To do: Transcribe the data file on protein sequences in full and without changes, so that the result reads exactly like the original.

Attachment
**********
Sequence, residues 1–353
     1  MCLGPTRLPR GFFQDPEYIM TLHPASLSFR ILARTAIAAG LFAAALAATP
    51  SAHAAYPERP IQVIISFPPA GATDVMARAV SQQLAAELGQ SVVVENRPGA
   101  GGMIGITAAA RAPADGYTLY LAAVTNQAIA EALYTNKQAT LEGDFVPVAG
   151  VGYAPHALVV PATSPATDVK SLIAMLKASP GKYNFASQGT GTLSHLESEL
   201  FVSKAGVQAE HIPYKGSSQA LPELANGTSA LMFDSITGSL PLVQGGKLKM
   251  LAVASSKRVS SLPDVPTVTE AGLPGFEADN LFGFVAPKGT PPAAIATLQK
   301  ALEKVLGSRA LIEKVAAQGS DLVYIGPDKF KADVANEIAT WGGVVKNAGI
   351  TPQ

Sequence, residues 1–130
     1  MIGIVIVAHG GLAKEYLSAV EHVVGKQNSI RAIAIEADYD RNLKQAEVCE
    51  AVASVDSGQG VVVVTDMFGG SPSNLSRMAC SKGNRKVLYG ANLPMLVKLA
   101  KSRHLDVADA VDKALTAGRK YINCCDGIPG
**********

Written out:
Sequence, residues 1–353
     1  MCLGPTRLPR GFFQDPEYIM TLHPASLSFR ILARTAIAAG LFAAALAATP
    51  SAHAAYPERP IQVIISFPPA GATDVMARAV SQQLAAELGQ SVVVENRPGA
   101  GGMIGITAAA RAPADGYTLY LAAVTNQAIA EALYTNKQAT LEGDFVPVAG
   151  VGYAPHALVV PATSPATDVK SLIAMLKASP GKYNFASQGT GTLSHLESEL
   201  FVSKAGVQAE HIPYKGSSQA LPELANGTSA LMFDSITGSL PLVQGGKLKM
   251  LAVASSKRVS SLPDVPTVTE AGLPGFEADN LFGFVAPKGT PPAAIATLQK
   301  ALEKVLGSRA LIEKVAAQGS DLVYIGPDKF KADVANEIAT WGGVVKNAGI
   351  TPQ

Sequence, residues 1–130
     1  MIGIVIVAHG GLAKEYLSAV EHVVGKQNSI RAIAIEADYD RNLKQAEVCE
    51  AVASVDSGQG VVVVTDMFGG SPSNLSRMAC SKGNRKVLYG ANLPMLVKLA
   101  KSRHLDVADA VDKALTAGRK YINCCDGIPG